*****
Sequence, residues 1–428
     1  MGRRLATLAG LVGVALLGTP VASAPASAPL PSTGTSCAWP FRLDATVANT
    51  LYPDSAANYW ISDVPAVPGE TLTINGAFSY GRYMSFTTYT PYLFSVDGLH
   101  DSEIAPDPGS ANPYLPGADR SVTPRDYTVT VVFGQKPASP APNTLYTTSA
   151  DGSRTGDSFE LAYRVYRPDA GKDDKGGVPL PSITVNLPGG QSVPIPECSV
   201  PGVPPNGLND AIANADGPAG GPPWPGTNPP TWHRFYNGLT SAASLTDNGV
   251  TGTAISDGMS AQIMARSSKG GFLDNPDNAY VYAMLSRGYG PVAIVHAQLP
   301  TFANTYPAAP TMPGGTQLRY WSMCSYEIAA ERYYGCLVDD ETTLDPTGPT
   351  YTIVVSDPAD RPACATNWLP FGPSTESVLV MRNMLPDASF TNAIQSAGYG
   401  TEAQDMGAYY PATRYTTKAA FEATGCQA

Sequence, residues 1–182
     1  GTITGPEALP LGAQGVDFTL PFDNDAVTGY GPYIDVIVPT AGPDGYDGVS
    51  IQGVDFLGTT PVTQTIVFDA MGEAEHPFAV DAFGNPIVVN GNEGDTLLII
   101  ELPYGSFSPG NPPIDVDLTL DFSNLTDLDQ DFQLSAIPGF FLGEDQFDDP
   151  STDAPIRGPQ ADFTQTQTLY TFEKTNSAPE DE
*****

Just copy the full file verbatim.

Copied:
Sequence, residues 1–428
     1  MGRRLATLAG LVGVALLGTP VASAPASAPL PSTGTSCAWP FRLDATVANT
    51  LYPDSAANYW ISDVPAVPGE TLTINGAFSY GRYMSFTTYT PYLFSVDGLH
   101  DSEIAPDPGS ANPYLPGADR SVTPRDYTVT VVFGQKPASP APNTLYTTSA
   151  DGSRTGDSFE LAYRVYRPDA GKDDKGGVPL PSITVNLPGG QSVPIPECSV
   201  PGVPPNGLND AIANADGPAG GPPWPGTNPP TWHRFYNGLT SAASLTDNGV
   251  TGTAISDGMS AQIMARSSKG GFLDNPDNAY VYAMLSRGYG PVAIVHAQLP
   301  TFANTYPAAP TMPGGTQLRY WSMCSYEIAA ERYYGCLVDD ETTLDPTGPT
   351  YTIVVSDPAD RPACATNWLP FGPSTESVLV MRNMLPDASF TNAIQSAGYG
   401  TEAQDMGAYY PATRYTTKAA FEATGCQA

Sequence, residues 1–182
     1  GTITGPEALP LGAQGVDFTL PFDNDAVTGY GPYIDVIVPT AGPDGYDGVS
    51  IQGVDFLGTT PVTQTIVFDA MGEAEHPFAV DAFGNPIVVN GNEGDTLLII
   101  ELPYGSFSPG NPPIDVDLTL DFSNLTDLDQ DFQLSAIPGF FLGEDQFDDP
   151  STDAPIRGPQ ADFTQTQTLY TFEKTNSAPE DE